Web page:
Procter and Gamble, having recently completed a one year pilot of their Supplier Environmental Sustainability Scorecard is now rolling out a new version that moves from benchmarking their suppliers to rating and rewarding them. The new scorecard was introduced with three major goals in a sustainability initiative that is being led by the Chief Purchasing Officer:
- Enhance supply chain collaboration;
- Improve key environmental indicators; and
- Encourage the sharing of ideas and capabilities to deliver more sustainable products and services for our consumers
Last year’s program year was devoted to finding out whether clear and meaningful data could be collected. The answer was a resounding yes, though some adjustments did need to be made to provide additional flexibility. How else, asked Larry Loftus, P&G’s Global Director of Supplier Capability & Strategy, could an ad agency, an oil supplier and a technology services company all use the same scorecard to achieve meaningful results. The modifications include:
- A clearer process for exceptions (measures that don’t apply)
- More transparent and consistent ratings methodology
- Ability to reward year-on-year improvement
- Additional instructions and validity checks
The new scorecard will be used to pinpoint where additional effort is needed to achieve the company’s ambitious long term vision, which includes:
- Plants powered by 100% renewable energy
- 100% renewable or recycled materials for all products and packaging
- Zero waste from factories or consumers going to landfills
- Products that delight while maximizing conservation of resources
Supplier ratings will help determine the amount of business they receive in the future. In addition, those companies whose performance is exceptional will be publicly rewarded. According to one supplier, it is not just a list of directives but a collaborative tool that provides numerous benefits to the suppliers themselves, particularly in helping them focus on what P&G considers its priorities.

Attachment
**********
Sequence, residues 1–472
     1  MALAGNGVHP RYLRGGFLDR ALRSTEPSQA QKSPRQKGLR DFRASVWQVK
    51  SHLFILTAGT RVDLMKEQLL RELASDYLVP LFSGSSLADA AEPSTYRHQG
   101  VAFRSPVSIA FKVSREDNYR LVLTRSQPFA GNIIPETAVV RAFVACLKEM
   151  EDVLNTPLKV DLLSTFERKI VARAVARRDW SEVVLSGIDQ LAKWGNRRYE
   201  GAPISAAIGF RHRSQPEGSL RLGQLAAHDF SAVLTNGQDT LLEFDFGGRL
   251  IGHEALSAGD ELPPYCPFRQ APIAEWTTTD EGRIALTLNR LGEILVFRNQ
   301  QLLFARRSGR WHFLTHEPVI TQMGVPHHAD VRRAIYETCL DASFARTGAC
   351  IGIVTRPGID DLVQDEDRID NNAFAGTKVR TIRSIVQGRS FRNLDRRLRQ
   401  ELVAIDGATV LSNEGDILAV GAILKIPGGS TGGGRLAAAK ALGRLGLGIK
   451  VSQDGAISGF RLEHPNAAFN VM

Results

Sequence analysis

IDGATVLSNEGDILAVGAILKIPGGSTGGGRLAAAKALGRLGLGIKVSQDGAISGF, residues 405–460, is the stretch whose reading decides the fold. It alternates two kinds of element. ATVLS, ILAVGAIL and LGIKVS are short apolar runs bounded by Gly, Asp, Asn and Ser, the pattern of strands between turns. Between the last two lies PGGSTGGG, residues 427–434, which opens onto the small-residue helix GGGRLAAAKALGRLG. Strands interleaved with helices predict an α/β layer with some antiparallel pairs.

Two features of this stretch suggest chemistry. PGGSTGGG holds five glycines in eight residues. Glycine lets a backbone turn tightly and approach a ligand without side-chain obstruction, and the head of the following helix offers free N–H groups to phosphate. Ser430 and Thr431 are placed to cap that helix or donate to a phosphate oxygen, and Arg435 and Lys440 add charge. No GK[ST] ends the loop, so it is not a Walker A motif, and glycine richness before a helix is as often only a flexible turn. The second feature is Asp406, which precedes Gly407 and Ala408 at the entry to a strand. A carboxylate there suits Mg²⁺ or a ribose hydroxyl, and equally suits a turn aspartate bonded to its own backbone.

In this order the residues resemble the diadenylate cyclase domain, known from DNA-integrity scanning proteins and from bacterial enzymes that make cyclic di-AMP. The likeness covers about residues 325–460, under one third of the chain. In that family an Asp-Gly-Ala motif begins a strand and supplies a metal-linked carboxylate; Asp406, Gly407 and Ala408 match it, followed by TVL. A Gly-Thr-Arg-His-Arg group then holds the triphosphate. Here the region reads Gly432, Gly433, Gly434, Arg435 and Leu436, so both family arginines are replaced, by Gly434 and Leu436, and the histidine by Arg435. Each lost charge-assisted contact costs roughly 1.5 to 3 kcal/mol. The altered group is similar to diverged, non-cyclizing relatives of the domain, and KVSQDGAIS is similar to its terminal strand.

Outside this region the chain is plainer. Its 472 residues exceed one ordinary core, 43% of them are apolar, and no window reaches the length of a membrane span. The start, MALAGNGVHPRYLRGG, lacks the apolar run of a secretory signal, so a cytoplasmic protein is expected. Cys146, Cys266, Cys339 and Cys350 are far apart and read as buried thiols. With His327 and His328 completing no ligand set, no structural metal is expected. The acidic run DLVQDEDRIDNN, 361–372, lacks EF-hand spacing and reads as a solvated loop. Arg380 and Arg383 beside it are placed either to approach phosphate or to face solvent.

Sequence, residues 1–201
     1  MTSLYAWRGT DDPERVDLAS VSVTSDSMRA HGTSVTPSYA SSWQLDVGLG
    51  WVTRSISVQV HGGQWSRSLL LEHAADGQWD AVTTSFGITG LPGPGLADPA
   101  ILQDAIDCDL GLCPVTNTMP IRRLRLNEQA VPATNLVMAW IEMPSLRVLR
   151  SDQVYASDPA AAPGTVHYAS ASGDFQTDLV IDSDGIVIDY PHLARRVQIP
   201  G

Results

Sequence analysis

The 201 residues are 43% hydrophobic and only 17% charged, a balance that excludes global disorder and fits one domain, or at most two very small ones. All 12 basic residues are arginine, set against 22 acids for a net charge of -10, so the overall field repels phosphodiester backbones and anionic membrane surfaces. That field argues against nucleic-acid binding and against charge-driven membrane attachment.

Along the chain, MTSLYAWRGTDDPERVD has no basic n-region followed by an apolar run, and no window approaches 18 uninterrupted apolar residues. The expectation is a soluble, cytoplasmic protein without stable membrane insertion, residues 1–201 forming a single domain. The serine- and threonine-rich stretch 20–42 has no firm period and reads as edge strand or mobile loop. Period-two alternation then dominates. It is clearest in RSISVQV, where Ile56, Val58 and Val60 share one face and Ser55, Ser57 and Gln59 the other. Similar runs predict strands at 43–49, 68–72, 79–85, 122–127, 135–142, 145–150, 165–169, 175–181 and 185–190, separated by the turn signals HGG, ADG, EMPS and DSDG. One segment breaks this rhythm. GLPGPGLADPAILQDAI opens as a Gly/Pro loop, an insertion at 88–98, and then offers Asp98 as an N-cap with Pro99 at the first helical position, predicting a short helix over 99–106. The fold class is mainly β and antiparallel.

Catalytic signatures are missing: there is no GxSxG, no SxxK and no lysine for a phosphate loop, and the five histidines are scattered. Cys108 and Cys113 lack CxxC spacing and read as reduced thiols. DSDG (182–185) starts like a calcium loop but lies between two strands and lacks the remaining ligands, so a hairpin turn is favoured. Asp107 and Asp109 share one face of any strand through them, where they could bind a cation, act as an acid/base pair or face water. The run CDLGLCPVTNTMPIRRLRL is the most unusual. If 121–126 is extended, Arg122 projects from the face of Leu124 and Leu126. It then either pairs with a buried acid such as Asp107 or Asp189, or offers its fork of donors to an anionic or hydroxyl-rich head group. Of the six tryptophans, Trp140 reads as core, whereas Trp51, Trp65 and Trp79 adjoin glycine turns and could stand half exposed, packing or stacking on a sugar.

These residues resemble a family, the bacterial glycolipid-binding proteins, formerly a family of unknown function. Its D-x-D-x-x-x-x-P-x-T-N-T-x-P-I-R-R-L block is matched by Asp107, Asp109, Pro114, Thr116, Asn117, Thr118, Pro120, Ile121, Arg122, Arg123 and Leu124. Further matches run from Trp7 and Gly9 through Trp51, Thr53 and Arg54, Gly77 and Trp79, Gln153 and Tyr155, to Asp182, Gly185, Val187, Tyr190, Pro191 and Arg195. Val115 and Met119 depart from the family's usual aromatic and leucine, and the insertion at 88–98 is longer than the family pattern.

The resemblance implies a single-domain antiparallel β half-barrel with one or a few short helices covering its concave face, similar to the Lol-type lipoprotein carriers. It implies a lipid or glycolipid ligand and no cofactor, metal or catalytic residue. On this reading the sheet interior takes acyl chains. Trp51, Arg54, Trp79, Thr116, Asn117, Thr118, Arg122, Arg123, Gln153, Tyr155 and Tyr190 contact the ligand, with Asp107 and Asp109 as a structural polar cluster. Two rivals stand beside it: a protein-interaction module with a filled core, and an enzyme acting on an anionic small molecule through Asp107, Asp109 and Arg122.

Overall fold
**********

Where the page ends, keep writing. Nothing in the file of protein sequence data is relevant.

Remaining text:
At the core, the scorecard measures energy use, water use, waste disposal and GHG emissions for each business..
Last year the program was deployed to 383 supplier, 81% of whom responded. These 250 suppliers realized a collective 4.2% reduction in electricity usage among other savings.
The new questionnaire, which will be distributed to roughly 600 suppliers includes an automatic scoring function that shows if the supplier has improved over the previous year. This helps suppliers to align their metrics with P&G’s, which, in turn, allows them to incorporate environmental sustainability considerations into their day-to-day decision making processes.
The scorecard is available online in an open-source manner as an Excel spreadsheet. Some suppliers are using it with their suppliers. Perhaps it, or some variation of it will become the industry standard.
The scorecard bears a resemblance to the one created by Walmart whose initiative to compact laundry detergent had a profound impact on P&G. According to one story, Walmart‘s initiative cost P&G as much as $200 million for them to retool in order to provide laundry detergent in more concentrated formulations containing less water therefore requiring less energy to ship. The costs will be recouped over time and in the end it should be a win for everyone.
This is clearly a good examples of a sustainable domino effect that started with the retailer and is now moving down the supply chain.
RP Siegel is the co-author of the eco-thriller Vapor Trails, the first in a series covering the human side of various sustainability issues including energy, food, and water. Like airplanes, we all leave behind a vapor trail. And though we can easily see others’, we rarely see our own.
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